Second, Defendant argues that Plaintiff has failed to present a prima facie case because he failed to show a causal connection between the demotion and the request for FMLA leave.

In determining whether a causal connection exists, close temporal proximity between the protected activity and adverse action may be sufficient to create an inference of causality. Lichtenstein v. University of Pittsburgh Medical Center, 691 F.3d 294, 307 (3rd Cir. 2012). Here, Plaintiff was demoted two days after requesting FMLA leave -- a time frame that is sufficiently close to support a prima facia showing of a casual connection. See, e.g., Jalil v. Avdel Corp., 873 F.2d 701, 708 (3d Cir. 1989)(finding two days sufficient); Seeger v. Cincinnati Bell Tel. Co., 681 F.3d 274, 283 (6th Cir. 2012) (three weeks); Wierman v. Casey's Gen. Stores, 638 F.3d 984, 994 (8th Cir. 2011)(four days).

Accordingly, Plaintiff has presented a prima facie case of FMLA retaliation.

2. Non-Discriminatory Reason/Pretext Plaintiff does not dispute that Defendant has advanced a non-discriminatory reason for Plaintiff's demotion -- that Plaintiff himself expressed, during the November 2009 meeting with Fanelle, that he was unable to meet the needs of the job. Plaintiff argues, however, that he has advanced sufficient evidence of pretext to survive summary judgment.

To establish pretext, the plaintiff must offer evidence from which a fact finder could reasonably either: (1) mistrust the employer's articulated genuine reasons; or (2) believe that a discriminatory reason was likely a motivating or determinative factor of the employer's action. Naber v. Dover Healthcare Associates Inc., 473 F. App'x 157, 160 (3d Cir. 2012). Temporal proximity may be a relevant factor to consider in determining pretext, but it is not sufficient standing alone. Daugherty v. Mikart, Inc., 205 F'Appx. 826, 828 (11th Cir. 2006) ("While the close temporal proximity between Mikart's termination of Daugherty's employment and his application for FMLA leave is evidence of pretext, it may be insufficient to show pretext by itself.").

Here, three facts make pre-text an issue for a jury: (1) the close temporal proximity between Plaintiff's request for leave and his demotion; (2) Fanelle's own opinion of Plaintiff's abilities, as expressed in the EAP intake form, in which Fanelle noted that Plaintiff was able to "perform his duties" as Acting Chief; and (3) most importantly, Plaintiff's denial that he ever expressed an inability to perform his essential job functions.

Having found that Plaintiff has presented a prima facie case of retaliation and that Plaintiff has adduced sufficient evidence of pretext to rebut Defendant's proffered justification, Defendant's motion for summary judgment on this claim is denied.

B. FMLA-Reasonable Accommodation Retaliation

Plaintiff claims that Defendant refused to accommodate his request for a transfer to an Administrative Captain's position in retaliation for his exercise of his FMLA rights.

Defendant has not advanced any arguments in support of dismissal of this claim. Accordingly, Defendant's motion for summary judgment on this claim is denied.

C. LAD Demotion Claim

Plaintiff claims that Defendant discriminated against him, in violation of LAD, by demoting him.

A LAD discrimination claim requires the plaintiff to demonstrate that: (1) he was in a protected class; (2) he was qualified to perform the essential functions of the position; (3) he suffered an adverse employment consequence; and (4) that the adverse employment action took place under circumstances which give rise to an inference of unlawful discrimination. Clemente v. Prestige of Bergen, No. 09-1782, 2012 WL 28784, at *2 (D.N.J. Jan. 5, 2012).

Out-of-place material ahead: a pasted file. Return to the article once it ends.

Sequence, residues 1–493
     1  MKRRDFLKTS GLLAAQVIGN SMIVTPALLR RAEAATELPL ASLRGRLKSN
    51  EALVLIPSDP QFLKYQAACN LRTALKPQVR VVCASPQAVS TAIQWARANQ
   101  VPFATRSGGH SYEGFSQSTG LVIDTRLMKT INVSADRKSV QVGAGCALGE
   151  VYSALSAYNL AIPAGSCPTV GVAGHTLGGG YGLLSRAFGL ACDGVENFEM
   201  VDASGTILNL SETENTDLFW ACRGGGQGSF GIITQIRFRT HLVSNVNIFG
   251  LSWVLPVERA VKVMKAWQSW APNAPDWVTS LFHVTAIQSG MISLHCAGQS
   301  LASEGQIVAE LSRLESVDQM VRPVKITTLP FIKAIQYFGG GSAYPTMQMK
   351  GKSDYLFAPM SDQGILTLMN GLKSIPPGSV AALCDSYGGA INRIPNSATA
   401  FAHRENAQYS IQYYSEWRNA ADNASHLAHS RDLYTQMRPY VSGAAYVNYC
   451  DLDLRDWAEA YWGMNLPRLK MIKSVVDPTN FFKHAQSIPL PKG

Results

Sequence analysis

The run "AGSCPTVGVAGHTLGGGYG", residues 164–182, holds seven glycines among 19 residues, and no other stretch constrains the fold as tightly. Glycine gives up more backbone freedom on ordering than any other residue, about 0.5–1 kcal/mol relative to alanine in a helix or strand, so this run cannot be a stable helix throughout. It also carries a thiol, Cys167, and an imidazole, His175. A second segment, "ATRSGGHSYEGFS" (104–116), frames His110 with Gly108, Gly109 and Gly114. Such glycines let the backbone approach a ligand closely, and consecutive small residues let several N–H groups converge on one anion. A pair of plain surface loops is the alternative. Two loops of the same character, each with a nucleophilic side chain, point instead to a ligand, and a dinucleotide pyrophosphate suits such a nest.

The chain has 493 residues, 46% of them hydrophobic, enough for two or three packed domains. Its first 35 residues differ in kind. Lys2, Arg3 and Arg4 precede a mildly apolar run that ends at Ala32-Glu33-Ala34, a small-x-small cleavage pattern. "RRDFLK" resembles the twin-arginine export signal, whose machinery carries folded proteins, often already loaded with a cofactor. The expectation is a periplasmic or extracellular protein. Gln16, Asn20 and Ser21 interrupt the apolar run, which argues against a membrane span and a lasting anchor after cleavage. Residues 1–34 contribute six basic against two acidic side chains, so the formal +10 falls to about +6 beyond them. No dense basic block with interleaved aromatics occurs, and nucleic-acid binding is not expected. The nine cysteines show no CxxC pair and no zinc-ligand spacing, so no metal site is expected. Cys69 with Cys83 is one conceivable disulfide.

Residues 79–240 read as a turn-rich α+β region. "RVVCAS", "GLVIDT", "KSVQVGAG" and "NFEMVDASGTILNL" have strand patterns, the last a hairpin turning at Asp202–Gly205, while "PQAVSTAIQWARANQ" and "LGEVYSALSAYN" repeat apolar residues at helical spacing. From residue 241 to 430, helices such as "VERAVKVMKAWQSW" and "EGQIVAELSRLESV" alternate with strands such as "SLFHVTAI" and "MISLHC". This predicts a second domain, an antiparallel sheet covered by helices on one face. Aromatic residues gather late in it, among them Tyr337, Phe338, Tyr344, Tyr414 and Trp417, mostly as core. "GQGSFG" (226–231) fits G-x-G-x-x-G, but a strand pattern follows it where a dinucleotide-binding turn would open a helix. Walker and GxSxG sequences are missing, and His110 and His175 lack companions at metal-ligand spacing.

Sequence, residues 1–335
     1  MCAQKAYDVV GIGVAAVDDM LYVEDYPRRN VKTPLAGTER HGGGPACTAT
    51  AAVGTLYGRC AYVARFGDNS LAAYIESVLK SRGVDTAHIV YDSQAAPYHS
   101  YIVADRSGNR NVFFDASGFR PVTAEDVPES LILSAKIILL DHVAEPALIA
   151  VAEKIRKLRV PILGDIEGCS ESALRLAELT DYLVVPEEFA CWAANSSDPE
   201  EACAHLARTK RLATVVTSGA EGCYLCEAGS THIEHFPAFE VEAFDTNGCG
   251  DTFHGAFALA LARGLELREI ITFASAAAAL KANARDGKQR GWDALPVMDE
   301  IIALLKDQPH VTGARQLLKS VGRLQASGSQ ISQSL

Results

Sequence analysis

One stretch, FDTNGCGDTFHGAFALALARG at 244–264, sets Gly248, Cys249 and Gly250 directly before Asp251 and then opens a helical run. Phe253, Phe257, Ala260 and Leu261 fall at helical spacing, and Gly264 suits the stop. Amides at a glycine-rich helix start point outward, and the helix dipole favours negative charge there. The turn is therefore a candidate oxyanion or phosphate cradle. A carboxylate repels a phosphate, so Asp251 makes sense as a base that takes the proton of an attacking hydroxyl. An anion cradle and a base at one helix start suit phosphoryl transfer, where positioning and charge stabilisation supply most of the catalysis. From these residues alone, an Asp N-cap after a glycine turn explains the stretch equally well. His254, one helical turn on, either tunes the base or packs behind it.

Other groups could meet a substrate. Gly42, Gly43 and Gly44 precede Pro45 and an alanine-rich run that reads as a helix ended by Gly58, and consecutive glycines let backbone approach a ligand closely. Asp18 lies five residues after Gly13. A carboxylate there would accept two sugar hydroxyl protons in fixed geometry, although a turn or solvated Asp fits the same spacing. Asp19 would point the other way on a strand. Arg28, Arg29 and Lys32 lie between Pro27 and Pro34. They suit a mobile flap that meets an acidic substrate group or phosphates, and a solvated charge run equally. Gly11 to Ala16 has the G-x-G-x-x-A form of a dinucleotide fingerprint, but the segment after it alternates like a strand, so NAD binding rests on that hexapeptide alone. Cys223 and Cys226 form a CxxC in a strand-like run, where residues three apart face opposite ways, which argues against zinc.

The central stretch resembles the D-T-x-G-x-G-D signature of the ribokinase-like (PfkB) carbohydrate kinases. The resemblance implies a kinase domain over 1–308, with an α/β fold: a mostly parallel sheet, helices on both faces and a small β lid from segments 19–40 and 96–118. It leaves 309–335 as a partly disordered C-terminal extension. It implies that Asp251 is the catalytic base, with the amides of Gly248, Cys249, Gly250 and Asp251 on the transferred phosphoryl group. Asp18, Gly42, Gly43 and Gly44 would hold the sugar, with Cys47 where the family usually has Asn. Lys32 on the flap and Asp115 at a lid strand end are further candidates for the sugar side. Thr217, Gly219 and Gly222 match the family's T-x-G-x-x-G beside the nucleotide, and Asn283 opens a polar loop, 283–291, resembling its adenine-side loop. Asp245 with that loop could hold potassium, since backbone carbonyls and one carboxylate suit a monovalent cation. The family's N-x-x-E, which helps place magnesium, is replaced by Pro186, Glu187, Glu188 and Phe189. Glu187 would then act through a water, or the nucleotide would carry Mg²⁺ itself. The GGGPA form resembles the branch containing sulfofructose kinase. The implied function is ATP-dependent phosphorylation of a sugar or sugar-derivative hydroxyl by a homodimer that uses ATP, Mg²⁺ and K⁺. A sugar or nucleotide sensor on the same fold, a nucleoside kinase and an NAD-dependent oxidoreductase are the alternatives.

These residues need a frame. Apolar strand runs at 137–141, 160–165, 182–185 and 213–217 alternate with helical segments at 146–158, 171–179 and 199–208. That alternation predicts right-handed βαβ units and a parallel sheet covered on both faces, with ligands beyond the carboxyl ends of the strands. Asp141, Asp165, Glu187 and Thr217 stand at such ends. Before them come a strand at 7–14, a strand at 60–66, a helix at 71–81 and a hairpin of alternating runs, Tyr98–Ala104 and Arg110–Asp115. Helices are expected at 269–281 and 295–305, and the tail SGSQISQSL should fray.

Here, Defendant argues that Plaintiff was unable to perform the essential functions of the position when he was demoted. But there is no record evidence that, at the time of Plaintiff's demotion, he was unable to perform the essential functions of the Acting Chief position. In fact, there is evidence that Defendants believed he was fully capable of performing the duties of his position at the time he was terminated.

Accordingly, Defendant's motion for summary judgment on this claim is denied.

D. LAD Transfer Claim

Plaintiff claims that Defendant discriminated against him, in violation of LAD, by refusing to accommodate his request for a transfer to an Administrative Captain position.

To make out a transfer-based LAD claim, an employee must, in addition to the elements described above, also demonstrate:

(1) that there was a vacant, funded position; (2) that the position was at or below the level of the plaintiff's former job; and (3) that the plaintiff was qualified to perform the essential duties of this job with reasonable accommodation. See Whalen v. New Jersey Mfrs. Ins. Co., No. L--2785--05, 2012 WL 3166601, at *15 (N.J. Super. App. Div. Aug. 6, 2012) (citing Donahue v. Consolidated Rail Corp., 224 F.3d 226, 230 (3d Cir. 2000)).

Here, Defendant makes two arguments. First, Defendant argues that Plaintiff was unable to carry out the job responsibilities of an Administrative Captain, even if a reasonable accommodation was granted, based on his doctor's note. However, the letter from Plaintiff's doctor stressed the importance of limiting exposure to sick contacts, but did not mandate complete isolation. And Plaintiff's request to be moved to an Administrative Captain position, where he would have his own office, would decrease his physical contact significantly compared to an Operations Captain position (located in the communications room). Therefore, on the record before the Court, this Court cannot say the Plaintiff would have been unable to perform the essential functions of the Administrative Captain position.

Second, Defendant argues that there was not a vacant funded position to which Plaintiff could be transferred. However, Plaintiff has adduced evidence that a position was available because Captain Bishop, an Administrative Captain, wished to be switched to Operations.

Accordingly, Defendant's motion for summary judgment on this claim is denied.

IV. CONCLUSION

For the foregoing reasons, Defendant's motion for summary judgment is DENIED.

RENEE MARIE BUMB United States District Judge

20130507